“It’s a great song for what’s happening now. I’m finally getting into the idea that I’m a songwriter. We want to be successful, and this is a good stab towards selling loads of albums.”
This is what singer/songwriter Mick Head has to say about I Know You Well, the first release in two years from Liverpool’s very excellent Shack. Mick is specifically responding to charges that I Know You Well plays rather deliberately towards the ahem, baggier sectors of the record buying public.
“I like The Stone Roses, Flowered Up and The Charlatans. Bands like that wouldn’t have happened in 1982,” says Head, a man with an eight year history in pop which started with The Pale Fountains, an outfit once groomed by Virgin as the scruffy-cute heirs to the Haircut 100 New Pop throne. “No, Flowered Up or Happy Mondays would’ve been too ugly back in 1982. But there’s a certain beauty in ugliness now. Shaun Ryder’s like Jagger in that respect.”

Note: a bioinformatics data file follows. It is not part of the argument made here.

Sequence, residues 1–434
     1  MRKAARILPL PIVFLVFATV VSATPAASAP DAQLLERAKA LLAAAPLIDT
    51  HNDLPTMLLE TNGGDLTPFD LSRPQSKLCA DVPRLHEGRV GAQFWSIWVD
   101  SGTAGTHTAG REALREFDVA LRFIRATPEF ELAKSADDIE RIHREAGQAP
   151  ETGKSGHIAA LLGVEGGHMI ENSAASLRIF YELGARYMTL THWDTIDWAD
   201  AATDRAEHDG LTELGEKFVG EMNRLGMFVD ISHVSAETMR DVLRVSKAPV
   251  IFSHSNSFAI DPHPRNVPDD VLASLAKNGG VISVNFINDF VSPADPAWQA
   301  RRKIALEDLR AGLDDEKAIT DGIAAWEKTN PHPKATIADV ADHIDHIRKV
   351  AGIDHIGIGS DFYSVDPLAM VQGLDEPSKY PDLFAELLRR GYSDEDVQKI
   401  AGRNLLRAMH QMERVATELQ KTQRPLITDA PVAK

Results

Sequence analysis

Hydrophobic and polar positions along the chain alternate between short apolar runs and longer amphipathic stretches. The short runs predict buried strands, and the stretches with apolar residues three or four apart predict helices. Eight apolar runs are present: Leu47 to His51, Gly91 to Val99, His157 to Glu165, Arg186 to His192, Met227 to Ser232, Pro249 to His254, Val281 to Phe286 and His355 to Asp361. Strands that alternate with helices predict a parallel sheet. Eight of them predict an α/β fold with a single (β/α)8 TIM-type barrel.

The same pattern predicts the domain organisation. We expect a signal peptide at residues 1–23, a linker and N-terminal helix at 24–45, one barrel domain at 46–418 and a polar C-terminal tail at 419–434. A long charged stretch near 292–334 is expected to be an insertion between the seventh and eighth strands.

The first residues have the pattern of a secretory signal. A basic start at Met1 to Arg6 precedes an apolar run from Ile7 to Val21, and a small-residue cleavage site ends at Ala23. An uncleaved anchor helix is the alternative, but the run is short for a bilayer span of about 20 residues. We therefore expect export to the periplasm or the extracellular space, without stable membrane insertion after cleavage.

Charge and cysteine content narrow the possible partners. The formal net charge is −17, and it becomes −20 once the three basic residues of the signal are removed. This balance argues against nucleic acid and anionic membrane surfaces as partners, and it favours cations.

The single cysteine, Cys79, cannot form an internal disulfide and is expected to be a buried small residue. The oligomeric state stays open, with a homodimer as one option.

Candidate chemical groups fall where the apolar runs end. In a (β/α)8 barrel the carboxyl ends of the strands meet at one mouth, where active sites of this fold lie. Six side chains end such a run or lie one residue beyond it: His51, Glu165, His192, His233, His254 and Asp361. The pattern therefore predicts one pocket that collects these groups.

Shack’s 1988 debut LP Zilch was a gloriously melodic affair, utilising lush arrangements to prod home some dour points about the state of the nation and economic gloom, making particular reference to Mick’s native Merseyside. Lyrically, Head’s new material will be less precise, and less serious.
“The stuff I’m working on now is far more humourous. When my dad heard the last album, he said ‘What the fuck are you writing protest songs for?’ He thought I was trying to be the new Bob Dylan, you know – he hammered me for ages after that!”
“The new LP’s gonna have better stories on it. It’s a great challenge to put a story into a three-minute pop song. It’ll still be very melodic, though, but with a more straight guitary vibe than before. It’s gonna be a great album when it’s finished.”